When the Japanese struck Unalaska and the Navy Base at Dutch Harbor, they had three times as many men to land as the US had to defend the entire territory.  Suddenly,  they were hit by a P-40 fighter response so much stronger than they expected that they decided to withdraw and land their people on Attu and Kiska – a thousand miles away.  Yakutat’s third runway on Umnak and Cold Bay saved Alaska from that eminent invasion.  Had these bases been financed in the open,  Japan would undoubtedly have been prepared and Alaska’s role in the war could have been far different.


Although the first bomber landed at the new air base on May 8th (that is our official “establishment date”),  the formal grand opening ceremony took place August 6th,  1941.  This year,  Fairweather Day falls on that date,  so we moved our official Grand Opening Anniversary celebration to Friday August 5th,  2016.  We are celebrating with a state-wide fly-in and air show,  complete with aircraft from the National Guard and possibly the Canadian Air Force.  There will be WWII aircraft from up in Anchorage that weather permitting will give rides for a fee.  The event will close with a 6pm hangar banquet dinner (for a $30 donation PP) and speeches from General Hummel and Lt. Governor Mallott.

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The KWAAN BT-13 Valiant where it crashed near the mouth of the Situk – notice the train tracks in the background


This will be a busy weekend, with the new Sandy Beach Park dedication Friday at noon,  our events begin an hour later at 1pm with a paper airplane contest (we’re going for distance across the hangar bay floor when launched from the 2nd floor balcony),  short-field landing contest at 2pm and flour drop (the pilot flies over the target and tries to drop his baggy of flour as close to the mark as possible out the window) at 4pm.  Aircraft static displays will be on the ramp for visitors to explore.  Yes,  we need volunteers to help with logistics,  airport security and set-up.  Contact me at the fly shop if you want to lend a hand.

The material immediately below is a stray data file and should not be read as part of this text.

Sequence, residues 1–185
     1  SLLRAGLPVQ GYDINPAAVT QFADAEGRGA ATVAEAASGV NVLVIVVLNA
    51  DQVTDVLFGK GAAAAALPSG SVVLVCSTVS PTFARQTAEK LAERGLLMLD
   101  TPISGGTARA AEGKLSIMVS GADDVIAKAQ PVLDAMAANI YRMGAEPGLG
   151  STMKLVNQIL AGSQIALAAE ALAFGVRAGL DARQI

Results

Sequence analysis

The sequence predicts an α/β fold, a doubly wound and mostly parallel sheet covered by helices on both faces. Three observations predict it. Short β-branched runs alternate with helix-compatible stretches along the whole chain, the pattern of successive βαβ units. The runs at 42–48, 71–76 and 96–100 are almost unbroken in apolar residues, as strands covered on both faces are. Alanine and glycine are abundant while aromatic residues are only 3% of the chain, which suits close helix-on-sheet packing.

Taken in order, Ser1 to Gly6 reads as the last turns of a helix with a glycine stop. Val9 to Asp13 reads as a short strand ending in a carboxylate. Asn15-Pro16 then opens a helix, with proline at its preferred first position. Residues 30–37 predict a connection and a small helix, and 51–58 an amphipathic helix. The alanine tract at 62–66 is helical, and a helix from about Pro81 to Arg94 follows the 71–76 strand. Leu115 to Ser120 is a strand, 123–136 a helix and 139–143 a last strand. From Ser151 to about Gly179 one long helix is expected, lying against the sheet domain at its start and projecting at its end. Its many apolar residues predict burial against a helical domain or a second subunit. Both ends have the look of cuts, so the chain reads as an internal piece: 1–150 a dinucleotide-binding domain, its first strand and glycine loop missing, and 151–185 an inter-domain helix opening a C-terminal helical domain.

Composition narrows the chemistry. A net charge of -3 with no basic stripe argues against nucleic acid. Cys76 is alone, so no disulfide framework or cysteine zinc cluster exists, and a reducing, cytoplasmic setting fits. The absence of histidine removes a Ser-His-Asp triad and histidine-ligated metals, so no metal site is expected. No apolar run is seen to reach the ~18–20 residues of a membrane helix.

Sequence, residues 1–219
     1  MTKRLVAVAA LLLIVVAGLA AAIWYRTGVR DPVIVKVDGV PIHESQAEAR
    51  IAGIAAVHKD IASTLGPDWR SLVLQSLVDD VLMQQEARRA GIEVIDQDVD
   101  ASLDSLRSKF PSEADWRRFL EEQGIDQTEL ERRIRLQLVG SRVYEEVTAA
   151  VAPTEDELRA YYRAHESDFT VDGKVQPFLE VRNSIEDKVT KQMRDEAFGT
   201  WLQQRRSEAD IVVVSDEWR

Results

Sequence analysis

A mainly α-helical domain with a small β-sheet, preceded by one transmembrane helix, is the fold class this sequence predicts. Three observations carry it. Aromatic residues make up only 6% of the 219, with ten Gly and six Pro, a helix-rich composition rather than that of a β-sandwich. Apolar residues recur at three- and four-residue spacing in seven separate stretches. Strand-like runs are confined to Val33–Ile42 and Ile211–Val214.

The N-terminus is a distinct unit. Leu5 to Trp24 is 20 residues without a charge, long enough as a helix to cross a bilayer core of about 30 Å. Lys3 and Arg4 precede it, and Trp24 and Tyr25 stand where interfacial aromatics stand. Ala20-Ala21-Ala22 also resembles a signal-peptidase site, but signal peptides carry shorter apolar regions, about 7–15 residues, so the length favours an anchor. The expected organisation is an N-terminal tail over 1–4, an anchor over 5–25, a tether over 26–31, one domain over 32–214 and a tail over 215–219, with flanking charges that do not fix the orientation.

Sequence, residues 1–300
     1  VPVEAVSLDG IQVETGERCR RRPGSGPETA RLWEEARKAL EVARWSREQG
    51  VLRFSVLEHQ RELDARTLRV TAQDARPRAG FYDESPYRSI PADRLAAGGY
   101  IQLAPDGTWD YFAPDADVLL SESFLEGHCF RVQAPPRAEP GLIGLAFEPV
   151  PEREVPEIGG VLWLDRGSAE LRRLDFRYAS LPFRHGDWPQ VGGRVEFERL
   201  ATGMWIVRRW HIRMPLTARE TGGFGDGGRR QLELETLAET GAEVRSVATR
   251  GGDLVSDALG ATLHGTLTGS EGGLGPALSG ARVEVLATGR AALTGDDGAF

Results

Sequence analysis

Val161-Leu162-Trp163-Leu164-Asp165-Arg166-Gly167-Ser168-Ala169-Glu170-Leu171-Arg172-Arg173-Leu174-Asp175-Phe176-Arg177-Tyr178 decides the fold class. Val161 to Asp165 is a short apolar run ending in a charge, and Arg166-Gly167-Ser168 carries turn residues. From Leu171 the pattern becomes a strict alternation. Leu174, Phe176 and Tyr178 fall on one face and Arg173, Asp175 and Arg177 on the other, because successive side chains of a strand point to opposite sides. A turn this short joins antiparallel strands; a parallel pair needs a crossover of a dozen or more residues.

OK, here is my disclaimer…  We are obviously still a long way from being the museum we hope to become.  We just couldn’t let this particular 75th anniversary pass by without marking it in some way.  My grand hope right now is just to have a few toilets that flush and the hangar bay relatively clean for the event.  If it rains,  we’ll probably have no one from outside Yakutat show up,  but a beautiful day could bring in dozens – if not hundreds of aircraft from around the state.  As our first event,  our learning curve has been steep,  but we’ll get better over the years as we have more and more air shows under our belt.  Ultimately,  this event is about honoring those who serve our country,  not just the Greatest Generation,  but all the vets and active servicemen and women who protect our freedom.  Freedom doesn’t come from the promises of politicians,  or the words on old dusty documents.  It comes from the people who stand with their bodies as our shields,  to protect us from those who wish us harm.